Members of the North Carolina General Assembly and a magistrate who refuses same-sex couples a marriage license have hired attorneys to defend the bill, Senate Bill 2, which allows for the exemption.
The bill was passed over Gov. Pat McCrory’s veto but has since been challenged in court, under the Establishment Clause of the First Amendment and the Equal Protection and Due Process Clauses of the Fourteenth Amendment.
Senate Pro Tempore Phil Berger and House Speaker Tim Moore said they have hired outside council. WCNC reports that Berger spokeswoman, Shelly Carver, said the legislative leaders have hired the Alliance Defending Freedom, with John Eastman and North Carolina lawyer Bob Potter.
Eastman and Potter were also brought in by Sen. Berger, and then house speaker, and current State Sen. Thom Tillis in an attempt in 2014 to stop the progress of same-sex marriage in North Carolina.
Eastman is the Chairman of the Board of the National Organization for Marriage, a non-profit established in 2007 to fight same-sex marriage. They were the single largest donor in the fight to pass Amendment One, the constitutional amendment defining marriage as between one man and one woman.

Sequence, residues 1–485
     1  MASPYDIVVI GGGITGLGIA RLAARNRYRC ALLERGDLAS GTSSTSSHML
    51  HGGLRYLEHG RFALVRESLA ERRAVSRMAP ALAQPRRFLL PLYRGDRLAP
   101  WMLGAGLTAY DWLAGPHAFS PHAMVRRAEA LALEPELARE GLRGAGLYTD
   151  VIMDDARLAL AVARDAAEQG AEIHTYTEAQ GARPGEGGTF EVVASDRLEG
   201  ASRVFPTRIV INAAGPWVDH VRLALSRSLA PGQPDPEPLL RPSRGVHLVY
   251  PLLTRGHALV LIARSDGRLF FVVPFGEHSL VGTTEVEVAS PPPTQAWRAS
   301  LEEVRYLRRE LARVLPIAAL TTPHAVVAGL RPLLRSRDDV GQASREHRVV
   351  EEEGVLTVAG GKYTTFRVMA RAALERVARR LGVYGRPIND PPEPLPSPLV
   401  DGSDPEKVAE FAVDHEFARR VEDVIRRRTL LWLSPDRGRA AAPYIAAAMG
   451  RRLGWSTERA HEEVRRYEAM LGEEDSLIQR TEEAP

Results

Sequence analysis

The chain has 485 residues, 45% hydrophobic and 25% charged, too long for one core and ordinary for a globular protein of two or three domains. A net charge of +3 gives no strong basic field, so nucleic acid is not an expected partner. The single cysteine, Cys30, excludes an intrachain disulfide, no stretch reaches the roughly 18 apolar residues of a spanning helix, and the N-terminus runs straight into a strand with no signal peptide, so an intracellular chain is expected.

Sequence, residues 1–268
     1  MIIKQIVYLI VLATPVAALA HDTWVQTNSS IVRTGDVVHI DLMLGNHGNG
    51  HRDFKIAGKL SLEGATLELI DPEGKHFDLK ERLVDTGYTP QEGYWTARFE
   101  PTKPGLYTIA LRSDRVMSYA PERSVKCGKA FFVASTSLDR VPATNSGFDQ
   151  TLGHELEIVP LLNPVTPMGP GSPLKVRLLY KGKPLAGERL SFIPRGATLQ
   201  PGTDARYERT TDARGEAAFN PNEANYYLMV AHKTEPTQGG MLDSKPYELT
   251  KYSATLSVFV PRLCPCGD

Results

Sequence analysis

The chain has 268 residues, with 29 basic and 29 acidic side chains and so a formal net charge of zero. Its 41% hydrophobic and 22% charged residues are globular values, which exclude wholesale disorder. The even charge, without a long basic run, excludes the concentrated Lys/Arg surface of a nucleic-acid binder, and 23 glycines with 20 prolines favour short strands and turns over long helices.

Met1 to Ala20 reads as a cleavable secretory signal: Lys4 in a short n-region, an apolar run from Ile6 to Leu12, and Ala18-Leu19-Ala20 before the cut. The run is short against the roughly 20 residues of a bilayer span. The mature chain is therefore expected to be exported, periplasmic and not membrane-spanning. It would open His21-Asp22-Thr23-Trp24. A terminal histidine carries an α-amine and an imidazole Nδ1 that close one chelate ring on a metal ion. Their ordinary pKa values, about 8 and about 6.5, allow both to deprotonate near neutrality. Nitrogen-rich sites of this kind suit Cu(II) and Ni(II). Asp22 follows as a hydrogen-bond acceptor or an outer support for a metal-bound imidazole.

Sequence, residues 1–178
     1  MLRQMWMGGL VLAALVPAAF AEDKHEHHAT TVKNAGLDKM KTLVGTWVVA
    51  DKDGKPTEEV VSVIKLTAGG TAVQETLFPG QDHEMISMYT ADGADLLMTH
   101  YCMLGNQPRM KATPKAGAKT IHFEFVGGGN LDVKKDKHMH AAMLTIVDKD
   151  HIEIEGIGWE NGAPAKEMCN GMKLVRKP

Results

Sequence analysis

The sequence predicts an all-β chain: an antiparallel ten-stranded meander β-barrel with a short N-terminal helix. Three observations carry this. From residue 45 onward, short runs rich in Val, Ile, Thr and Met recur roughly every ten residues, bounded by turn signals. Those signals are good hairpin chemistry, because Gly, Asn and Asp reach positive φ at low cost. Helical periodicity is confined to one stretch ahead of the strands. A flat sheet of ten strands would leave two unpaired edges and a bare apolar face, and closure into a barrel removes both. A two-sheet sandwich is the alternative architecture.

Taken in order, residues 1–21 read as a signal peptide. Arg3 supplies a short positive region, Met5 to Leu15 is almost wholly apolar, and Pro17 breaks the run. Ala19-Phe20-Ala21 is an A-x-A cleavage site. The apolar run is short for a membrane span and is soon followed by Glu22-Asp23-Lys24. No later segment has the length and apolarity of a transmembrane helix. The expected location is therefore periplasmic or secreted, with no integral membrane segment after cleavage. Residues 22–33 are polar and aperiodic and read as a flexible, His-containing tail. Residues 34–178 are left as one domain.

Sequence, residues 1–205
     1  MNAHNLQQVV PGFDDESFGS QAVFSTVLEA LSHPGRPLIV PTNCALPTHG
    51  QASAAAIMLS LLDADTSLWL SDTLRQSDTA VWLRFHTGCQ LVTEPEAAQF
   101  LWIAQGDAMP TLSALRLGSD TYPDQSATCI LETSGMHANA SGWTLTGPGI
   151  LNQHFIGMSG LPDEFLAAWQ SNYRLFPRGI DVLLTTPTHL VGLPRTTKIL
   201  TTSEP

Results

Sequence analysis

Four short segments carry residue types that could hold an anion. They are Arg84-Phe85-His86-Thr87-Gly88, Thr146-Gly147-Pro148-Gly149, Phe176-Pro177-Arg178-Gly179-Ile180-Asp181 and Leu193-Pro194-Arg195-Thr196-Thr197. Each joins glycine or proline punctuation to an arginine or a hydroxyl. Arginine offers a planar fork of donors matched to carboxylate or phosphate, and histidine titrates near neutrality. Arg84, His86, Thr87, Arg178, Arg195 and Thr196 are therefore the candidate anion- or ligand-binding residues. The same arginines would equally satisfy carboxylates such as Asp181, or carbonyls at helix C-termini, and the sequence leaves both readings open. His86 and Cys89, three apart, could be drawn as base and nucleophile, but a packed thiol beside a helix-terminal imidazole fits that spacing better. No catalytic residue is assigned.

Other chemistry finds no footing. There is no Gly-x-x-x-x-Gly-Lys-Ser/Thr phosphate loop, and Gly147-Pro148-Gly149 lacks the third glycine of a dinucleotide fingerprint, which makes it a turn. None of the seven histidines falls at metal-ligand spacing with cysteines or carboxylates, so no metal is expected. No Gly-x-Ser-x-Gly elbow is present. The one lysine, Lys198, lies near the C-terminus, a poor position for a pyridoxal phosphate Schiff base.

They filed a motion to intervene on Thursday, and on Friday. Atty. Gen. Roy Cooper’s office filed a motion to dismiss the legal challenge.
Cooper, through his own representative, said that it was a waste of taxpayer money to hire outside lawyers when the case is already being handled by Cooper’s office. Cooper has expressed his opposition to the bill. He is also running against McCrory in the gubernatorial race.
The bill will once again be paid with taxpayer money, which the General Assembly has been setting aside ever since a law was passed in 2013 allowing them to intervene in legal cases on behalf of the state.
In the fall of last year, the Republican led General Assembly passed a budget which set aside $8 million over two years to “pay for current and pending litigation,” The Citizen-Times reported this past November.
They also reported that at the time of writing, over $3 million had been used to defend state laws since July 2014, according to invoices obtained by The Associated Press.
In addition to the same-sex marriage battle, a large chunk of money went to defending a 2013 election law that requires photo ID and cuts back on early voting. They are moves seen by many as attempting to disenfranchise minority voter blocks, which are more likely to vote for Democratic candidates than Republicans.
“Once again, Roy Cooper is publicly disparaging the case of his clients — the people of North Carolina — and instead arguing the opposition’s case for them,” said Sen. Berger and Rep. Moore in a statement. “Nobody in North Carolina would accept this behavior from his or her private lawyer, and the taxpayers should not have to in this case.”